Their popularity correlates to the exploding interest in locally grown produce and the fact that fruit picking is an activity families can enjoy together, she said.

Since the late 1990s, the state's $2.2 billion agriculture industry has been undergoing a shift from a wholesale to retail model, added Ron Olsen, a marketing and inspection representative with the department. Pick-your-own farms and, more recently, the surging number of farmers markets, community-supported agriculture sites and farm stands have all contributed to that change, he said.

Taking Hold

The farm the Conklins bought had been in the same family for generations, and members of the family still live across the street. The couple paid $465,000 for rolling grounds, which also came with a Cape-style farmhouse dating to 1850. Thoughts of renovating it to live in, however, had to be scrapped, the couple said. The structure was so old and needed so much work that they salvaged what they could and had it demolished.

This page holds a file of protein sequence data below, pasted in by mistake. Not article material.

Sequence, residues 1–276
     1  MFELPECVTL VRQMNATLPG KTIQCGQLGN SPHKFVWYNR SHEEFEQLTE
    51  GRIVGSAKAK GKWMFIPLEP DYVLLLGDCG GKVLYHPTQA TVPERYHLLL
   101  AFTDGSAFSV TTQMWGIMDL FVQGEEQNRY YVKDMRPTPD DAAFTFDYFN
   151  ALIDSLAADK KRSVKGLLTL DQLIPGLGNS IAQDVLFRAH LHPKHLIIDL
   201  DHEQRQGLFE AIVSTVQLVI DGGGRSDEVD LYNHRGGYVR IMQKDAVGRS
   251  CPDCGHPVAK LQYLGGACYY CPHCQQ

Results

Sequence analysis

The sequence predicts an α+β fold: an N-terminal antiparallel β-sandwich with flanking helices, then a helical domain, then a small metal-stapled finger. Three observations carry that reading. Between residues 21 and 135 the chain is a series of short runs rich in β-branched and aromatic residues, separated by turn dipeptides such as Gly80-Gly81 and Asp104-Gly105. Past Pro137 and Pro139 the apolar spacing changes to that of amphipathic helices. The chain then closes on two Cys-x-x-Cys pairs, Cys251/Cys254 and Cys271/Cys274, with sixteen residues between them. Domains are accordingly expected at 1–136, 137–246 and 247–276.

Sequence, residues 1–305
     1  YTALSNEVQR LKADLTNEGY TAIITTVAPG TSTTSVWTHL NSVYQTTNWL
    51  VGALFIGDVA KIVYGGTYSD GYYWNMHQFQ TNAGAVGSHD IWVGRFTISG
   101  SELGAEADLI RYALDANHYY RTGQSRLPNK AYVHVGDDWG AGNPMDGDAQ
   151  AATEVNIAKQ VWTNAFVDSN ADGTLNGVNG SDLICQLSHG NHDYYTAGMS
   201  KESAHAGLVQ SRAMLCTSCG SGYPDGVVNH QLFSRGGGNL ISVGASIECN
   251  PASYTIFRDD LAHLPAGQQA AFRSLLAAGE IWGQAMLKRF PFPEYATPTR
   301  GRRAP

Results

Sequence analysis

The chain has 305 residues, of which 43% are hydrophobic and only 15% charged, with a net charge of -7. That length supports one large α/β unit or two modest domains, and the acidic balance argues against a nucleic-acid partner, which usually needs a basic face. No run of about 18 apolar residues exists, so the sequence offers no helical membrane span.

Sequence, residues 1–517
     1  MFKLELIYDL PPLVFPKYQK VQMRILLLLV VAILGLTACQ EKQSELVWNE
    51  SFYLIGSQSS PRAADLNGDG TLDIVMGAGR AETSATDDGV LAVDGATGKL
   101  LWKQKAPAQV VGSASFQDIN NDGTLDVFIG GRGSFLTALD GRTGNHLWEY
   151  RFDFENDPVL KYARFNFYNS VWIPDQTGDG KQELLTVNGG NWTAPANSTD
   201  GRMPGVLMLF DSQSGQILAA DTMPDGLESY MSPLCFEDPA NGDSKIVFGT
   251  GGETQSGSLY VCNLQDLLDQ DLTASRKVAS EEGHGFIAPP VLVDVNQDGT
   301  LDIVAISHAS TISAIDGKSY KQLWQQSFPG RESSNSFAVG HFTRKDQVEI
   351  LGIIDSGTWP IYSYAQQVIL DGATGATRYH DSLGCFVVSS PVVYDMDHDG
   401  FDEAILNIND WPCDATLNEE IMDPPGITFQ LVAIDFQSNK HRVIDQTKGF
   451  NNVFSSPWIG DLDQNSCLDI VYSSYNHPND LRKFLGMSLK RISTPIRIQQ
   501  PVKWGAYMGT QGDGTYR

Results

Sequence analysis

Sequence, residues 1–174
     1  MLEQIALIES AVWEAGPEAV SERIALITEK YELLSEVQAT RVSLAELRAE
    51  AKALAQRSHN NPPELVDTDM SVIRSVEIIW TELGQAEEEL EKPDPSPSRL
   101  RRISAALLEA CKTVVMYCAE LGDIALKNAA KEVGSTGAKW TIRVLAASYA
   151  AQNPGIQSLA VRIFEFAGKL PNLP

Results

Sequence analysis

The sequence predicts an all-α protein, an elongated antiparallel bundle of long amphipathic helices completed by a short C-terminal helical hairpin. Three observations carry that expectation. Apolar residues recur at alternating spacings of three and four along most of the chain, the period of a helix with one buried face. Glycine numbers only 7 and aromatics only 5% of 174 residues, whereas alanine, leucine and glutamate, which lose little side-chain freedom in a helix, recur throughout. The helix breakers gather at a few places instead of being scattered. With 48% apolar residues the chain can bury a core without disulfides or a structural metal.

The Conklins instead put up a modular house around Thanksgiving and moved into it in mid December, the day before a major snowstorm. The heart of the house is a large central room with a kitchen, living and dining area and fireplace. Light pours in through its many windows. As the couple sit side-by-side on one of the sofas, Aiden, their 10-year-old yellow lab, nestles sleepily at their feet.

They have renamed the farm Raspberry Knoll Farm. Passers-by asked if they were planning to raise llamas when, in early spring, they began surrounding the raspberry field with deer fencing.

Peter Conklin still does IT work for a bank and shuttles between his new home and offices in Boston and Providence. Finally having their farm and being closer to family is nice, Mary Conklin said. Their daughter and their son, who lives in Vermont, helped them get all the raspberry plants in the ground, she said. The rain and warm, sunny weather in recent weeks have helped them take hold.

"It's like watching babies grow," she said.